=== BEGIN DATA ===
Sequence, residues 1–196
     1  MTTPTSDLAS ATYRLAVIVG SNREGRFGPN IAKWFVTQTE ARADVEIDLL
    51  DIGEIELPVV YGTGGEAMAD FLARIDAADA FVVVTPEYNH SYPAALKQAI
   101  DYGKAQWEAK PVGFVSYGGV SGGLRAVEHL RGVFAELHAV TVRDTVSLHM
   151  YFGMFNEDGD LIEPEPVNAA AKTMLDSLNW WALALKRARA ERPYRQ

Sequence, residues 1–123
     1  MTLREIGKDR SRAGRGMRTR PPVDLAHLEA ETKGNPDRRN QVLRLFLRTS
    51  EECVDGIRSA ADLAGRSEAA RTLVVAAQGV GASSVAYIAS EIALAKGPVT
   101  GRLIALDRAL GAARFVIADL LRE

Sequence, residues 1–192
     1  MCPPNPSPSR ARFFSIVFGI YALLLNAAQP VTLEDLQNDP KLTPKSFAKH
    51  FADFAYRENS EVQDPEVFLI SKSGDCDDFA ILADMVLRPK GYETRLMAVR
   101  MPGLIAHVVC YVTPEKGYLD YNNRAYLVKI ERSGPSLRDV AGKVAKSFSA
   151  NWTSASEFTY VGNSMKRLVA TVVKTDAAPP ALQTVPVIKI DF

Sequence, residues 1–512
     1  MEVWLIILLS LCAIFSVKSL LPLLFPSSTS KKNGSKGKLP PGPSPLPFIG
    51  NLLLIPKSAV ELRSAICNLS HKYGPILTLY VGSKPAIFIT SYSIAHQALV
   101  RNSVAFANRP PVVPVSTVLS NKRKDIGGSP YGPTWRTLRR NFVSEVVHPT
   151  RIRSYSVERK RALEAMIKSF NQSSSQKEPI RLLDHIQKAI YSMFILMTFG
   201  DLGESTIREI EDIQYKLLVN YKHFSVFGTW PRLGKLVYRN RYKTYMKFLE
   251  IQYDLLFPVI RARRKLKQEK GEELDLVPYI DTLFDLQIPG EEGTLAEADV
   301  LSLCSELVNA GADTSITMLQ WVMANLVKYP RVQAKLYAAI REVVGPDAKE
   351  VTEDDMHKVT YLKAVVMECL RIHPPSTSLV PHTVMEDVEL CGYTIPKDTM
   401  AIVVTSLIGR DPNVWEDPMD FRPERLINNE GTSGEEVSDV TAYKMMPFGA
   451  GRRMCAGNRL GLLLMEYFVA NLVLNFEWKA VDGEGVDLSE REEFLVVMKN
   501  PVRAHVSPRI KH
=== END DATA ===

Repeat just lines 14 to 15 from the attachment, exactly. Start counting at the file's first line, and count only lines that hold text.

   151  NWTSASEFTY VGNSMKRLVA TVVKTDAAPP ALQTVPVIKI DF

Sequence, residues 1–512